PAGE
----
TREATMENT OF C.O.’S ON EXPIRATION OF SENTENCE

_h3. From The Tribunal 20th August 1916

This is a further update in a series of extracts from the No Conscription Fellowship’s journal, published in the UK between March 1916 and November 1918. For further extracts go to: http://nfpb.org/tribunal_

EXAMPLE 1

The following is the experience of Mr. H. Gortem-
On Saturday, July 20, 1916, Selwyn Hayes, H. D. Hobart and myself, having completed a sentence of 119 days at Wandsworth Detention Barracks, were due for release. We were called before the Commandant separately, and he told us that he had received a letter from the War Office, and that two alternatives were open to him. He could either send us back to our depots and we should probably, on disobeying orders, get another sentence of 18 months, or we might be released on furlough for an indefinite period, provided we promised three things, vis.:

1) That when called upon we would appear before the Central Tribunal, the Army Authorities having asked that body to investigate our cases, if satisfied of the bona-fides of our convictions, to ask us to do work of national importance.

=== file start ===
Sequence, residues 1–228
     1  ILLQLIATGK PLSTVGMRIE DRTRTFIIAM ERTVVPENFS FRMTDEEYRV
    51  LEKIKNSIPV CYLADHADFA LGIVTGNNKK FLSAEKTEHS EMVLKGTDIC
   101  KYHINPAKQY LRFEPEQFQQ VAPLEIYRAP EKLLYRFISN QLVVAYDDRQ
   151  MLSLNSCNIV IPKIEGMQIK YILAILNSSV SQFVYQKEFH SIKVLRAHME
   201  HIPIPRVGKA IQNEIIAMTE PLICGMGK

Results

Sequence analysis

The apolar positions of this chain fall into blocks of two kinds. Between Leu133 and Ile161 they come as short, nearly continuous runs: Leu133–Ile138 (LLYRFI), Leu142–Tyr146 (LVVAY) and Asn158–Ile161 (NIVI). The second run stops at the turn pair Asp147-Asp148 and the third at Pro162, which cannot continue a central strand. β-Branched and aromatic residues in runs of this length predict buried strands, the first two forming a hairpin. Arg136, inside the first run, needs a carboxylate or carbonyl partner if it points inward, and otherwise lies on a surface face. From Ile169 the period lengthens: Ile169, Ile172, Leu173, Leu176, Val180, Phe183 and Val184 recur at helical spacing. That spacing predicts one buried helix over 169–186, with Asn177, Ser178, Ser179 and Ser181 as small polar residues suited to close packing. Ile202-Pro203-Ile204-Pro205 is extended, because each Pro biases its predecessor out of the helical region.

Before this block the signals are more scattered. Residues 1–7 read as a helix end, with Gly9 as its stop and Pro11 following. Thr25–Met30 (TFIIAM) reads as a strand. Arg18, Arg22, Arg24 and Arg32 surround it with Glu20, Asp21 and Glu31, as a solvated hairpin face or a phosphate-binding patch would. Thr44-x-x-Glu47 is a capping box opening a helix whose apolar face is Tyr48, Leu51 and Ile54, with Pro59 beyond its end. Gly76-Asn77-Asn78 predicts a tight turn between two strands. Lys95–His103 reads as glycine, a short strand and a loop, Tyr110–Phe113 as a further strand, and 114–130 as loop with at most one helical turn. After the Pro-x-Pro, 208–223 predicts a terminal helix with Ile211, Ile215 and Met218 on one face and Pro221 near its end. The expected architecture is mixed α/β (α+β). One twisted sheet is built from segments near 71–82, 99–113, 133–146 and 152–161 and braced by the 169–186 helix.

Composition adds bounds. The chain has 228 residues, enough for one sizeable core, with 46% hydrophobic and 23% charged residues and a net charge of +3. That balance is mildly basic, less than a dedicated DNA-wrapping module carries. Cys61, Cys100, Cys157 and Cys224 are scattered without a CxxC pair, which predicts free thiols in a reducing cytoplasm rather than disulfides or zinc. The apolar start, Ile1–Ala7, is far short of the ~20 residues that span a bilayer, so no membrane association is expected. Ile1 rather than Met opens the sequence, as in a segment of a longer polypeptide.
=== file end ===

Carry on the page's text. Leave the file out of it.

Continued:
The three of us made if perfectly clear that the only work of national importance we were prepared to undertake would be of a reconstructive character. In reply to that, the Commandant stated that it was impossible for him to decide what would be considered work of national importance by that body, but that such questions must be settled between ourselves and the Tribunal.

2) We were to give our names and permanent addresses, and
3) Promise that in the event of the Tribunal rejecting our claims we would report at our depots.

We acceded to the above conditions, though we made it perfectly clear that in the case of reporting at our depots we could not obey military orders,

We were then released at three o’clock.

At two o’clock an escort had called for us, consisting of a sergeant and one man. I asked the escort if they had called for us, and the sergeant replied “Yes,” and were taking us back to Hounslow. We asked the corporal in charge of us at the time whether any alteration had been made to the Commandant’s instructions. He replied: “There is something special in your case,” and asked the sergeant of the escort to wait.

We then had to wait until the Commandant arrived, which was about 2.45. The Commandant handed a letter to the escort, whose scruples were satisfied, the letter being to the effect that we had been granted indefinite furlough, as related above.

The escort accompanied us to the gate; we shook hands with them, and departed.

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